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Guest opinion: Judy Amabile: Repurpose an existing county sales tax for mental health


Editor’s note: This story has been updated to correctly identify State Rep. Judy Amabile’s district. Amabile represents Colorado’s House District 13. Amabile is running for reelection in House District 49, which was created through the recent redistricting process. 

By Judy Amabile, Joe Pelle, Michael Dougherty and Grant Besser

Boulder County’s recent citizen survey indicated that 69% of respondents would support extending an existing 0.185% sales tax to improve access to behavioral health services in our community.

This solid indicator comes at a good time, and offers us a rare opportunity.

The state has just allocated nearly $500 million dollars in Federal ARPA (American Rescue Plan Act) funds to increase mental health resources throughout the state.

This federal money will start flowing in 2023. Local governments and care organizations can use it to build mental health infrastructure. Communities can get funding to stand up supportive housing, group homes, respite care facilities, substance use treatment facilities and many other uses. Once these places are up and running, local communities will need to provide ongoing funding for the services they provide.

Repurposing Boulder County’s current 0.185% sales tax, which has fully funded the alternative sentencing facility and jail modernization improvements underway now, is a smart way to secure this ongoing funding (as much as $10 million a year) without raising taxes for Boulder citizens.

Boulder County’s survey results reflect the urgency of our current circumstances. Coloradans are experiencing an epidemic of homelessness, youth suicide, drug addiction and overdose deaths. Yes, the pandemic exacerbated these issues, but years of neglecting our treatment infrastructure has created a critical mass of bad outcomes.

For example, this year Mental Health America ranked Colorado poorly compared to other states in access to adult mental health care. The respected non-profit cited the glaring gap between the need for care (high rates of addiction and serious mental illness), and the ability to access care. The fact is, Colorado’s mental health landscape is dismal for all ages, with soaring suicide and overdose deaths afflicting our youth.

In our own community, we’ve grown tragically accustomed to the human misery of homelessness. But as the number of unhoused people has grown — especially those with untreated mental health disorders — communities are feeling quality-of-life impacts and becoming motivated to find viable solutions.

Current approaches are not working. People with untreated mental illness and addiction disorders often end up in jail, where they don’t get the specialized medical care they need. The environment of incarceration makes them sicker, more likely to reoffend and caught in a cycle that’s extremely difficult to break.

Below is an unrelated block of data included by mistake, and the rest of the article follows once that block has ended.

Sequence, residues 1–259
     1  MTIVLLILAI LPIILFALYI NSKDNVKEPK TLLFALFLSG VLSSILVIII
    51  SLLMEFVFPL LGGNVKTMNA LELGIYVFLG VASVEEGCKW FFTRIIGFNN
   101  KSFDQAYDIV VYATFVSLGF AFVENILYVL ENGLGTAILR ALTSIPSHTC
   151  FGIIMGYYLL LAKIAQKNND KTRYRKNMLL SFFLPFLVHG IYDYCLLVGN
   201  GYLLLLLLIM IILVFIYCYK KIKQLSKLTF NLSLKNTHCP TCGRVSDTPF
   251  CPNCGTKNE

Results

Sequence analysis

This approach is inhumane and wasteful and makes our community less safe. We need more strategies.

Colorado counties including Larimer, Denver and Summit have voted to tax themselves to fund mental health care services within their communities. They realize it’s unsustainable to rely on incarceration to deal with serious behavioral health issues, and recognize that all of their citizens need greater access to quality mental health care.

Budgets are a reflection of values. By taxing themselves, these communities are making the upfront investments necessary to turn the tide on a problem that has developed over decades. Importantly, they are positioning themselves to make the most of the federal dollars that soon will be available to communities. Boulder County should too. This is how real change can start.

A mental health tax would work hand-in-hand with a host of programs the state has just set in motion. In addition to allocating federal dollars for capital mental health infrastructure, the legislature passed a new jail-diversion program for non-violent offenders with mental illness and several measures to increase Colorado’s mental health workforce.

In Boulder County, we have already seen the success of this approach. The District Attorney’s Mental Health Diversion Program, the only one in the state, connects low-level offenders with treatment in the community. By providing stable treatment and medication, we have lowered the likelihood these individuals will re-offend due to unmet behavioral health needs. This successful program makes a positive difference for the offenders, victims and the community. But we can and should do more. People should not have to hit the doors of the jail in order to receive mental health treatment.

The synergy of federal dollars and voter willingness to pay for behavioral health services would offer Boulder County an extraordinary opportunity to make additional progress on the difficult issues that untreated, serious mental illness and addiction can create for a community. Let’s commit to investing in services that will help our most vulnerable citizens become healthy and whole again.

Join us in calling for this initiative to be added to the ballot in 2023. Our community wellbeing depends on it.

Judy Amabile represents Colorado House District 13. Joe Pelle is the Boulder County Sheriff. Michael Dougherty is the Boulder County District Attorney. Grant Besser is the president of the Boulder Community Health Foundation.